My editor for my newly found writing gig approached me a few weeks ago with an invitation to go to a film festival here in town. I jumped at the opportunity as soon as my media credentials were varified. I finally had an excuse to go to a film festival that seemed, well, not so dorky. Saying I was going for my column sounds like a better reason than something like, “I love independent films and have always wanted to go to a festival,” right?
Last Thursday night, I drove the six or so blocks to the Plaza Cinema Cafe, which was one of the venues for the festival, conveniently located close to my apartment. I attended a screening of a narrative feature called Another Planet. I wasn’t sure what to expect from the film as the festival was called the Global Peace Film Festival. Judging from the title alone, what was once a film fest was now turned into a world peace demonstration. But what I came to find in viewing this film wasn’t so much world peace, but a tale of children in this world who were born into a country much less fortunate than I ever will be in my lifetime.
I look around my apartment sometimes and think, “if I only lived at The Vue,” or, “if only I could have a job that could enable me to afford a loft at 55W.” Don’t get me wrong, I’m thankful for this apartment and know that I got an amazing deal on it, but as we all know, no matter what we have in life, we always seem to want more. I guess that’s the American way of thinking, at least for most of us that were raised in an upper-middle class family. This way of thinking, this freedom that we have to be what we want, to get what we want, and to even set goals for ourselves is such a privilege and blessing that so many of us take for granted every day.
The film was shot on four different continents and featured children from different countries describing (in their country’s native language) what their life is like from day to day. These children were from countries like Colombia, Ecuador, and Cambodia. Not one of them spoke English but even through the subtitles, I just wanted to cry at parts of this movie.
One child lives her life selling “chiclets” in the street at night to make money for the family. She said that if she doesn’t sell enough gum at night, she’s beaten by her mother when she comes home.
Another young girl lives her life in a whore house where her virginity was taken at age eight while she was high on Valium from her “client.” As she’s telling the story of her daily life, she’s smoking a joint. She’s no more than twelve years old and knows, already, more drugs than I know now at my age. She “works” on the streets at night prostituting herself, getting drugged, and living in this whore house made of practically cardboard in a town where law enforcement is so corrupt it’s almost unfathomable.
Another child tells her story of every morning waking up at seven and going straight to the dump to sort through all the city’s garbage. She sifts through this garbage with her bare hands for ten hours a day hoping to find something that is recyclable such as aluminum or plastic. At the end of the day, they take it somewhere (I’m not sure where, exactly) and someone weighs what they’ve collected. In the end, she says she receives about one dollar a day. That dollar she gets is what she has to buy her food with–and all she can afford is rice.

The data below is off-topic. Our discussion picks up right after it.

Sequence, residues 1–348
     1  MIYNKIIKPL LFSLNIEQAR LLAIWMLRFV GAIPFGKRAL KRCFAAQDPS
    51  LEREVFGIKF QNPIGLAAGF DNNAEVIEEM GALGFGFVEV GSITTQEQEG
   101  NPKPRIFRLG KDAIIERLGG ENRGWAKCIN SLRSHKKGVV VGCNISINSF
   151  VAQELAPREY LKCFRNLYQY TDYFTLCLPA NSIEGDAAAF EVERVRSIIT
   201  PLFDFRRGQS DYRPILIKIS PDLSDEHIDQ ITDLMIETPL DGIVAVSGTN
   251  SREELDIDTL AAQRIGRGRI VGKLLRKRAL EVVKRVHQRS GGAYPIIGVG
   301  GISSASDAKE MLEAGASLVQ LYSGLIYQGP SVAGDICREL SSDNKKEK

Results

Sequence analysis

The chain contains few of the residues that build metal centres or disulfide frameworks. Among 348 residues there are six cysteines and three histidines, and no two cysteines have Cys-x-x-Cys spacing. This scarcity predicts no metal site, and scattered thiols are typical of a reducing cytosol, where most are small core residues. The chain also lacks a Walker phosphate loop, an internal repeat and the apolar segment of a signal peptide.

I almost had an anxiety attack, literally, watching these children sift through the trash. As a petrified-of-all-germs hand washing freak that I am, I couldn’t bare to see this innocent child expose her bare hands to such filth, not to mention all the airborne viruses that are around her as well. This was heartbreaking to me. All that work, all that exposure to so much disease–just to get the equivalent to a dollar.
And to think that I complain about my salary. What those children would make sifting garbage for 10 hours all year is less than half than one of my paychecks.
While this film didn’t have a narrator or a “point” being driven throughout, its message came across so much clearer to me than someone saying it to me time and again. It was a film that was told not by a director or writer, but by the kids themselves. They told their stories by talking and also by us watching them silently “work” in evenings or days before they told their story. Then, in the end, we see an animal slowly marching through an arctic climate as the snow whistles loudly as it blows with the wind. This is the same animal shown in the beginning of the film that has nothing to do with any of the children’s stories, but more of I guess, another part of the planet.
My point to all of the above is this: it was devastating to see how children in other parts of the world live their lives. It was sickening to me to think about how selfish I am as an American most of the time. And how much I wish I could help those children in some way and rescue them from that life as a child prostitute or garbage sifter. I wanted to reach into the screen and take them out of that filthy life they know and give them something better.
I don’t know anything about parenting or how to take care of my own dog barely, but I do know that I could give these children a much better life than what they have. If I could make a difference in one of their lives rescuing from that disaster, then maybe it will all be worth it.